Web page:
I mean as you see my screen name is Windows sucks but I am man enough to say that even though I would trust my machines to Fedora or Ubuntu over Windows. Windows 7 runs better then Fedora 11, Ubuntu 9.04 and Open Solaris combined. That is just facts from running the current beta of Windows 7 on the same machine.

Reply Score: 2

RE[3]: Open Solaris is not bad
by cade on Wed 3rd Jun 2009 15:58 UTC in reply to "RE[2]: Open Solaris is not bad"
cade Member since:
2009-02-28

------------------------------------------
It was mentioned ...

"Owned by Sun but does not come with office suite?? Doesn't Sun own an Office Suite?"

OpenOffice descends from Sun's StarOffice.
By using OpenSolaris' package management system you can download OpenOffice (for free, as with all other packages and system/security updates).
------------------------------------------
It was mentioend ...

"It doesn't support as much hardware on the desktop as Linux and what it does support is not as good as linux yet."


If it came down to hardware support, we would all be using Microsoft's operating systems. Hardware support for many free operating systems would be much better if many more hardware manufacturers released relevant technical documentation. For me, I am generally happy with the hardware support.
------------------------------------------
It was mentioned ...

"For one Open Solaris is SLOWWWWW."


When is OpenSolaris slow ?
Or is it that your computer system is not optimal
for running OpenSolaris. My experience is with AMD64 systems (Athlonx2, Opteron) and these direct-connect architecture type systems cause OpenSolaris to rip into the tasks at hand.


It appears the Dell 755 uses front-side-bus CPU/mobo architecture; Intel recently went the way of AMD, cloning AMD's direct-connect architecture.

Any serious performance comparison should be done using a direct-connect architecture. I have a dual-CPU (single-core per CPU) HP xw9300 box (4GB RAM, NVidia Quadro FX1400) and the system rips on OpenSolaris, as well as all other operating systems I had tried in the past (Windows, Linux, *BSDs). OpenSolaris is my operating system of choice and performance is great. This includes tasks like building detailed C++ software (using SunStudio tools) to serious image editing in Gimp and to OpenOffice document handling.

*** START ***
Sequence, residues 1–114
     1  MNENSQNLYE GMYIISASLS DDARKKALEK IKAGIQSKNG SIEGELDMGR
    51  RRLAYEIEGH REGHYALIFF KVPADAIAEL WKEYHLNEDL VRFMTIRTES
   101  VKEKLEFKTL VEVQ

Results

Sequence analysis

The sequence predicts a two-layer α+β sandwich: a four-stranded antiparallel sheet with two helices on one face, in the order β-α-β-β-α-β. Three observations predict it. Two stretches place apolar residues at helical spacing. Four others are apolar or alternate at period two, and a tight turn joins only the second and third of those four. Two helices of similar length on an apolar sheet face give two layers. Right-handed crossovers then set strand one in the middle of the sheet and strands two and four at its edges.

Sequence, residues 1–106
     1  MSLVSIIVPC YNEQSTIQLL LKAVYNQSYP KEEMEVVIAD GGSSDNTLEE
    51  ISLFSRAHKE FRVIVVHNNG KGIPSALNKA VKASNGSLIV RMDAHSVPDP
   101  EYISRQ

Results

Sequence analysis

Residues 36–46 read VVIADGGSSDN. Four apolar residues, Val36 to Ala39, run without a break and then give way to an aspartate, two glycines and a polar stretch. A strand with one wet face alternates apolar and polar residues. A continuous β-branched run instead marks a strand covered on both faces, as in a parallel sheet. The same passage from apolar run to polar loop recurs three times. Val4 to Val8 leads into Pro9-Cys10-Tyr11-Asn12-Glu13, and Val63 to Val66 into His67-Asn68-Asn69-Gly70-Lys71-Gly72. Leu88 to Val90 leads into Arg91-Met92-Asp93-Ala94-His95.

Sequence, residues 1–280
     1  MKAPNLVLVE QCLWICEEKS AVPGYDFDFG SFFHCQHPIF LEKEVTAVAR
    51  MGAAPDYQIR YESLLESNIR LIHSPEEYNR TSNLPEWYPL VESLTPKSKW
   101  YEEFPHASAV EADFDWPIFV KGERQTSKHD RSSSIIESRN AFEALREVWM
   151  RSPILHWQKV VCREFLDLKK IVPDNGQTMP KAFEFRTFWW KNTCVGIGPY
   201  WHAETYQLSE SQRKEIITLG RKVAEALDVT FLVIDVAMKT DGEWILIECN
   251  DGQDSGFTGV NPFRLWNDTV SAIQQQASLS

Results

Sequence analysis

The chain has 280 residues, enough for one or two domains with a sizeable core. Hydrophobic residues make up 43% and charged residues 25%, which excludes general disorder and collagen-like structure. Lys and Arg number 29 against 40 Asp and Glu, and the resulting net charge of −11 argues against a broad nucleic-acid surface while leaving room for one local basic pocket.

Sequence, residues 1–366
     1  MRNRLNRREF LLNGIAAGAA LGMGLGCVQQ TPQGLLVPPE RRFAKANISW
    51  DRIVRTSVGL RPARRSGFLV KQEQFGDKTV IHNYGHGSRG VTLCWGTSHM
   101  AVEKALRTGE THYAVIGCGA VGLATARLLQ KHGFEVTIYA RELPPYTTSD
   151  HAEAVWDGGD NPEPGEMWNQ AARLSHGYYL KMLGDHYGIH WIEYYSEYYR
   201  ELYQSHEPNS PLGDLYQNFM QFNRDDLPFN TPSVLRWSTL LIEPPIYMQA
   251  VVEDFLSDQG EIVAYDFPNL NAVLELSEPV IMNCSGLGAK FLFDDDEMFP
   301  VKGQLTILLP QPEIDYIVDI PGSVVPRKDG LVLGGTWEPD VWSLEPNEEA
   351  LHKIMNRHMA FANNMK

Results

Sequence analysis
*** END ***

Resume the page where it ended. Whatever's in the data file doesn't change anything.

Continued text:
Due to being my primary development box, the system can be on for many days and OpenSolaris is fine with this. My only gripe is that while suspend-to-ram works, the resume-from-ram does not work (for now ?) for my hardware. Hopefully, this will be addressed in near future as hardware support for OpenSolaris broadens.

You should also remember that Solaris/OpenSolaris is packed with alot of technologies and the operating system has a proven commercial/warranty/real-world track record. While Linux grew from someone's bedroom, Solaris was being designed and implemented by engineers in a commercial environment with the intent of satisfying real-world criteria.

You need to ask yourself ...

"How good would another operating system run if it contained Solaris-type technologies (e.g. DTrace, ZFS, predictive self-healing framework, crossbow virtualised networking, etc.) and a design also focusing on scalability for big iron hardware (as in multi-processor SPARC-based solutions) ?"

You may think specific Solaris technologies may not matter and so compare operating systems using some common simple denominator and that is like when people compare the performance of OpenSolaris (a real UNIX system) with Linux/BSD (UNIX clone) using gcc-compiled software. The fallacy with this is that anybody doing serious development on Solaris/OpenSolaris use the SunStudio (not GNU gcc/g++/etc.) tools. The SunStudio tools are optimized for Solaris. These tools also allow the developer to perform DTrace-related experiments for the executable being developed.
All this and more leading to the developer being made much more proficient during bug/optimisation diagnosis and leading to better quality software development.
------------------------------------------

Reply Score: 2

Windows Sucks Member since:
2005-11-10

OpenOffice descends from Sun's StarOffice.
By using OpenSolaris' package management system you can download OpenOffice (for free, as with all other packages and system/security updates).


Ummmmm, almost all versions of Linux include Open Office, I should not have to spend 30 minutes or more downloading it when I can spend 5 min on any Linux version and get the latest patches.

"If it came down to hardware support, we would all be using Microsoft's operating systems. Hardware support for many free operating systems would be much better if many more hardware manufacturers released relevant technical documentation. For me, I am generally happy with the hardware support."


On the hardware I tried it on Linux worked 100% out the box. Open Solaris did not.


When is OpenSolaris slow ?
Or is it that your computer system is not optimal
for running OpenSolaris. My experience is with AMD64 systems (Athlonx2, Opteron) and these direct-connect architecture type systems cause OpenSolaris to rip into the tasks at hand.


Ummmmm, Windows 7 and Linux (Fedora and Ubuntu) both fly on my Dell 755 and my iMac. Open Solaris takes 3 times as long to boot up as both versions of Linux I use.

You should also remember that Solaris/OpenSolaris is packed with alot of technologies and the operating system has a proven commercial/warranty/real-world track record. While Linux grew from someone's bedroom, Solaris was being designed and implemented by engineers in a commercial environment with the intent of satisfying real-world criteria.